In the news
Cooling babies ‘helps reduce longer-term brain damage’
The BBC reports on a study that was published in the New England Journal of Medicine that suggests that cooling babies deprived of oxygen at birth improves their chances of growing up without disabilities such as cerebral palsy.
Possible pesticide link to autistic spectrum disorders
NHS Choices takes a look at the evidence behind a Mail Online article that reports “Pregnant women who live near fields sprayed with pesticides can run more than three times the risk of having a child with autism,”.
Male hormones in the womb linked to autism
NHS Choices examines the research evidence behind a Daily Telegraph article that states “Boys who develop autism may be exposed to higher levels of hormones…in the womb”.
Why children with autism often fall victim to bullies
This article in The Conversation, discusses the growing body of research that indicates that young people on the autism spectrum are considerably more vulnerable to bullying than their peers.
ADHD drug review call in Wales by Psychologists
BBC News Wales highlights a call by psychologists to review the drug treatment of children with ADHD in Wales, following a 57% rise in prescriptions for the most common drug to treat attention deficit hyperactivity disorder (ADHD) between 2007 and 2013.
Foundation for people with learning disabilities – An ordinary life
In a project led by the Foundation for People with Learning Disabilities, a number of technology-dependent children with complex health needs and their families from across the country who were benefitting from person-centred approaches were interviewed. These stories of the people were written up into a booklet for families and professionals called ‘An Ordinary Life’ and includes information on how to overcome some of the barriers to leading a full life.
More practical research needed on autism
Following the publication of a report by the institute of Education and Research Autism, asking ‘what should autism research focus upon?‘, the Guardian writes an article promoting the call for more research that influences autism services and societal issues.
New app relieved patients’ fear of the dentist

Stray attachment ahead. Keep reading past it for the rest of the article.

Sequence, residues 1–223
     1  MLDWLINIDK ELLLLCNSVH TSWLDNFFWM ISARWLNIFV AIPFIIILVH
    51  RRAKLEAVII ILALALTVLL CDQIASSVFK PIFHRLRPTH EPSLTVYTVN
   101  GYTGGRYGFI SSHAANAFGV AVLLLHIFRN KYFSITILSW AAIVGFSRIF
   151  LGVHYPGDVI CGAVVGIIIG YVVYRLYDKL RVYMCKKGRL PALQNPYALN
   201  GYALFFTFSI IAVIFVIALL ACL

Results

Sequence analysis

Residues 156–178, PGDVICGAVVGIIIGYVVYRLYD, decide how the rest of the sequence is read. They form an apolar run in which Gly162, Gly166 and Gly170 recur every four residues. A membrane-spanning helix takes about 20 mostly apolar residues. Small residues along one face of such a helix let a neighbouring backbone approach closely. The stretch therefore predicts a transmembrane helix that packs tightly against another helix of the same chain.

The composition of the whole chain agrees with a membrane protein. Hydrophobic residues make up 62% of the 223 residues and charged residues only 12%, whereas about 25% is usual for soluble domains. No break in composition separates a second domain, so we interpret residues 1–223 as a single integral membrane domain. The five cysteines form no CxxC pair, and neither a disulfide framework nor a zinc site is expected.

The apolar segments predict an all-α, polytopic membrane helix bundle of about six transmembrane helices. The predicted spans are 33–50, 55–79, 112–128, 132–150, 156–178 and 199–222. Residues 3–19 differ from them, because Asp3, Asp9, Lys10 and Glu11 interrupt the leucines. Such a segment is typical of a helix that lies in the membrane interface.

Scientists from Dundee and St Andrews Universities, NHS Tayside and Capability Scotland have developed a speech app ‘Stories at the Dentist’ to help people with learning or communication disabilities prepare for a visit to the dentist. This communication app helps patient deal with any anxiety or stress by helping them understand what to expect and get more involved in their care.
Peninsula Cerebra Research Unit – Research terms
Are you sometimes confused by research terms and what they mean? Peninsula Cerebra Research Unit (PenCRU) lists some of the terms used in research and provide an explanation of each.
Gene mutation linked to distinct type of autism
NHS choices reports on a genetic study that found children with autism spectrum disorder (ASD) were more likely to have a mutation in a gene called CHD8 than children without the disorder. However, talk of a single autism gene is premature. This is relatively early stage research. The genetic test will need to be further tested and validated in large and diverse groups to ensure it accurately identifies people with ASD.
iPads may help kids with autism develop communication skills
Medical Xpress reports on a study published in the Journal of the American Academy of Child & Adolescent Psychiatry that has shown that children with autism who use computer tablets as part of their language and social communication treatments may develop better speaking skills.
Researchers at the University of California gave 61 children aged five to eight with autism spectrum disorder (ASD) access to an iPad as part of their treatment. They discovered that the tablet had a positive effect on the kids’ communication skills. They did however emphasise that the iPad is just a tool and that for it to work, the children must use it in conjunction with treatment.
Epilepsy research uncovers ‘On-Off switch’ for brain
Epilepsy Research UK reports that scientists in the US have found a possible new method of toggling a person’s consciousness on and off, opening the door for new approaches to treating epilepsy.
A team from George Washington University uncovered a means of using deep brain stimulation to instantly send a patient with epilepsy into unconsciousness, before bringing her back again through the same method. According to study findings published in the medical journal Epilepsy & Behavior, it is thought that this technique could be explored as a potential means of resetting or correcting the uncontrolled and destructive brain activity that occurs during an epileptic seizure.